Nicóla Novielli is a research fellow in Medical statistics and Health Economics.
Nicóla’s research has focussed mainly on the application of Bayesian statistical modelling techniques to the meta-analysis of the accuracy of diagnostic tests. He is now also interested in the economics of service delivery interventions and clinical interventions at the supply side. He is also a systematic reviewer for the Cochrane collaboration.
Nicóla is also investigating the differences in clinical handover (patient transition between or within hospital settings) in developing countries with a group of colleagues (email@example.com).
Nicóla Novielli qualified with a BSc in Economic and Statistical Sciences from the University of Bari (Italy) in 2006. He went to study for a MSc in Medical statistics at the University of Leicester, where he continued to study for a PhD in health Economics. His interest has been in the use of Bayesian statistics for the estimation of the accuracy of diagnostic tests, in particular, when tests are used in combination. Nicóla has started working at the University of Birmingham in July 2010 in the economics of service delivery and clinical interventions before their implementation.
Bayesian statistics, Statistical modelling, Diagnostic accuracy, Health Economics, cost-effectiveness of interventions at pre-implementation stage.
Accuracy of combinations of diagnostic tests
A number of meta-analysis techniques have been developed in the last few decades for the estimation of the accuracy of diagnostic tests. During his PhD, Nicóla reviewed the most common modelling approaches and developed a modelling framework for the meta-analysis of data for the estimation of the accuracy of combinations of diagnostic tests. Usually, tests are assumed to be independent when results from a number of studies have to be combined. However, often such assumption is not true. Therefore, a meta-analytic framework is needed that considers (i) the heterogeneity between such studies, (ii) the variation due to differences in the test “cut-off” value that is used to categorise patients into positives (i.e. if the test value is above the cut-off value) or negative (i.e. if the test value is below the cut-off value), and (iii) the conditional dependence between tests. The last objective can be achieved by systematically reviewing the accuracy of tests when used in combinations and include in the meta-analysis the conditional accuracy data of each test. The lack of publications reporting the conditional accuracy can be a barrier to the application of such methods, however it highlights the needed of single studies reporting such conditional accuracy. On the other hand, as shown by the application of such methods to an example dataset for the accuracy of Wells score and Ddimer for the diagnosis of Deep Vein Thrombosis, the assumptions of conditional independence between tests may lead to wrong clinical and economic decisions.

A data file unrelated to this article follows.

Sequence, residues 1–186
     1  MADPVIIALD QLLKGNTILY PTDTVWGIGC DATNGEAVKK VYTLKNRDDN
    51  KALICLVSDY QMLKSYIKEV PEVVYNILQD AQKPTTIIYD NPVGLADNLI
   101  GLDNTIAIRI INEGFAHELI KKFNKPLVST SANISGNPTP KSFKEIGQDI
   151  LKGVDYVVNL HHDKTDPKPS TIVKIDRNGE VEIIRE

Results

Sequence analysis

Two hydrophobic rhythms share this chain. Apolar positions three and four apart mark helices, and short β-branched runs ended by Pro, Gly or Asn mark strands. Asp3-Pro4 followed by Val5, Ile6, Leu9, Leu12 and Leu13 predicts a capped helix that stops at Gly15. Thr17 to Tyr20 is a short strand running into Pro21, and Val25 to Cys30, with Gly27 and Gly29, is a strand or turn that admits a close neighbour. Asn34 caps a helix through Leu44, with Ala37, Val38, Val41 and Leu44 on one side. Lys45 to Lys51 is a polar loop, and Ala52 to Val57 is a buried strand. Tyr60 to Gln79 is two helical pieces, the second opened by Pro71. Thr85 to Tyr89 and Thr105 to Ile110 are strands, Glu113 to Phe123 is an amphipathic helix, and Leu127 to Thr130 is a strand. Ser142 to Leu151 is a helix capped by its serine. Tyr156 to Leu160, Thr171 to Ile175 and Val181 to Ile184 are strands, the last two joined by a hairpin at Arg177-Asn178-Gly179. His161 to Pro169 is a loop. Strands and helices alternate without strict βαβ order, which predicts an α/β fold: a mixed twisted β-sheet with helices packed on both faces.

HandOver European Collaborative Project.
He has also been involved in the second half of the HandOver European Project. The aim of such collaboration has been the development of an intervention that could improve the handover of patients between hospital and community and within hospital settings. The intervention is called the Handover Training Toolbox, which offers a set of tools to facilitate specific training to improve handover into European institution over a web based platform. The university of Birmingham was in charge of the economic evaluation of such intervention. Since the intervention was in a developmental phase, ad-hoc techniques have been used to investigate the potential benefit of such interventions. Bayesian elicitation of expert opinions was used to estimate the potential effect of the toolbox on adverse event rates and readmission event rates. The headroom method was used to determine “how much can be spent on the development and implementation of such intervention if it worked as he most optimistic opinion indicates”.
HandOver for developing countries (HODC)
He was instrumental in initiating an investigation of the handover in developing countries. The main tools for this investigation are a systematic review of the literature, and questionnaires to be delivered to WHO officials, directors and, optimistically, to members of staff of medical institutions in developing countries.
Clinical trials and other research activities
Nicóla also participates in the statistical analysis of data from clinical trials in the university of Birmingham and is co-applicant for some trial as junior health economist.
Novielli, N., N. J. Cooper, et al. (2010). "How Is Evidence on Test Performance Synthesized for Economic Decision Models of Diagnostic Tests? A Systematic Appraisal of Health Technology Assessments in the UK Since 1997." Value in Health 13(8): 952-957.
Novielli, N., N. J. Cooper, et al. (2010). "Bayesian model selection for meta-analysis of diagnostic test accuracy data: Application to Ddimer for deep vein thrombosis." Research Synthesis Methods: n/a-n/a.
Virgili, G., N. Novielli, et al.(2010). "Pharmacological Treatments for Neovascular Age-Related Macular Degeneration: Can Mixed Treatment Comparison Meta-Analyses be Useful?" Current drug target: 12
Oddone, F., G. Virgili, M. Parravano, M. Brazzelli, N. Novielli, M. Michelessi (2010). "Optic nerve head and ﬁbre layer imaging for diagnosing glaucoma." Cochrane Database of Systematic Reviews:11.